The data indicates that buyers are taking a step back from the turbulent market as mortgage rates remain high, which isn't surprising given that purchasing a home is one of the most significant financial investments people make. However, it doesn't seem as though the ratio of buyers to sellers has changed much yet—which is why I haven't seen a substantial drop in bidding wars or in homes selling quickly. It will be interesting to see if this changes as summer approaches.
If you're thinking of buying a home, the time is now—and I'm not just saying that because I'm a real estate agent. The fact is, home prices are up, and they're not likely to stay there for long. Let me break down the numbers for you. The median home sale price was up 17% year over year—the biggest increase since August—to a record $395,600. The median asking price of newly listed homes increased 16% year over year to $404,950, a new all-time high. The monthly mortgage payment on the median asking price home rose to a record high of $2,349 at the current 5.1% mortgage rate.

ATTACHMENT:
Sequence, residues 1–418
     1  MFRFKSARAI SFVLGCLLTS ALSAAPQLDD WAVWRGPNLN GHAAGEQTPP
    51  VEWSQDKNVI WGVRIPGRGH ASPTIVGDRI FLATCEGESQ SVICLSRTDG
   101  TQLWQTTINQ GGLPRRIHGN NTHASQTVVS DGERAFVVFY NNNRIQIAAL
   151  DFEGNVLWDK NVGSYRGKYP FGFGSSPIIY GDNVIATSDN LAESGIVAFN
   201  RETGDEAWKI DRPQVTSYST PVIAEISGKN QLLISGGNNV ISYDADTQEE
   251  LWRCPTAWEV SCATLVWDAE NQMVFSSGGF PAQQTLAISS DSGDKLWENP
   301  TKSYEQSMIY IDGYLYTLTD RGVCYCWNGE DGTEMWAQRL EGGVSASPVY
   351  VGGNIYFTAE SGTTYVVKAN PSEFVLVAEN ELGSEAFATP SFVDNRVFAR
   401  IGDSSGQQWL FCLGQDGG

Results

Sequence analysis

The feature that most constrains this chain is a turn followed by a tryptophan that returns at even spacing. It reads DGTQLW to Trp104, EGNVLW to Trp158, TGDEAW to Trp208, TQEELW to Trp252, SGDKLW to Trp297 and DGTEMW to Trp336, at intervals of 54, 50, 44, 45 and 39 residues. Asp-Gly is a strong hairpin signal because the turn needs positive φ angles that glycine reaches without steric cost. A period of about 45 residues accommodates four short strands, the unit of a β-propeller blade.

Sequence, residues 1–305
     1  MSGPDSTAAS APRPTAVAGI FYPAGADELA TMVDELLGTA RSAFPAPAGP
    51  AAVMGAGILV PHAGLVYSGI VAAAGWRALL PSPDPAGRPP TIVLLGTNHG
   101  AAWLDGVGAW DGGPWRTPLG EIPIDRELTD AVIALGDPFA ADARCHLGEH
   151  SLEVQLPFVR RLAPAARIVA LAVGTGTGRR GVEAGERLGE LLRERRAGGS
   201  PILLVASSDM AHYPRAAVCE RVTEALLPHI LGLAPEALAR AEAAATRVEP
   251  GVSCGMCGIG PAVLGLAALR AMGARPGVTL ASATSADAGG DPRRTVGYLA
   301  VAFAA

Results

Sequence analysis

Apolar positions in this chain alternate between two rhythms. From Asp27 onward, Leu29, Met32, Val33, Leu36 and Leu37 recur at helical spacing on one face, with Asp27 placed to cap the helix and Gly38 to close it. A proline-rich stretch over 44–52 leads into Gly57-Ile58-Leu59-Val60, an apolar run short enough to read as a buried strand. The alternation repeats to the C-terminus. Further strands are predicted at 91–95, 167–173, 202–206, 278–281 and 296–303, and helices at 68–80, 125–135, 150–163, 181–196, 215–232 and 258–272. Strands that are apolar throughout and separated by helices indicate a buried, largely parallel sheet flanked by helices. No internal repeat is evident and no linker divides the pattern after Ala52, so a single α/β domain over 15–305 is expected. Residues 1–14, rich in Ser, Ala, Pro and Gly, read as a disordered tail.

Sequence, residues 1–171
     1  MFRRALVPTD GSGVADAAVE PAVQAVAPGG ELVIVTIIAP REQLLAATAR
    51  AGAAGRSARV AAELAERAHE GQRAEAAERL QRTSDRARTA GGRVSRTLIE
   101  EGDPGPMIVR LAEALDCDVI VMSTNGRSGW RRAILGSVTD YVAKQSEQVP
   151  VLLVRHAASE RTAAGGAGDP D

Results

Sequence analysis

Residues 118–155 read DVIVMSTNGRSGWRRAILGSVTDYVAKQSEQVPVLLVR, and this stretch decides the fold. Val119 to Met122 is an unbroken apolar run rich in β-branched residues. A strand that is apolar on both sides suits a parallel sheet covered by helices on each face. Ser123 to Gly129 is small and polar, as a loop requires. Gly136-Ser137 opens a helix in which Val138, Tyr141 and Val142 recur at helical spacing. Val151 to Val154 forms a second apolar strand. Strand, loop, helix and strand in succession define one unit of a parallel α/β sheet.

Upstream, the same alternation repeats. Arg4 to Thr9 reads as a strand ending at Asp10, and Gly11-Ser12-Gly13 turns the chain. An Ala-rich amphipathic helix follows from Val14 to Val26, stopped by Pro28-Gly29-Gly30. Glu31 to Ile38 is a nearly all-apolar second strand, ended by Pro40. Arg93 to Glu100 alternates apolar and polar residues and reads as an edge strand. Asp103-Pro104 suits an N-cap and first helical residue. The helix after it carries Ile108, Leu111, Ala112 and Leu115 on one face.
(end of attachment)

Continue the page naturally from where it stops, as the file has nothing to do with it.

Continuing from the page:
So, if you've been thinking about buying a house, you may want to act fast: Pending home sales were down 3% year over year, the largest decrease since mid-February; new listings of homes for sale were down 4% from a year earlier; and active listings fell 19% from last October.
What does this mean? Because of the COVID-19 pandemic, many people have been working from home. This has caused a shift in real estate trends, as people are now looking for houses with more space.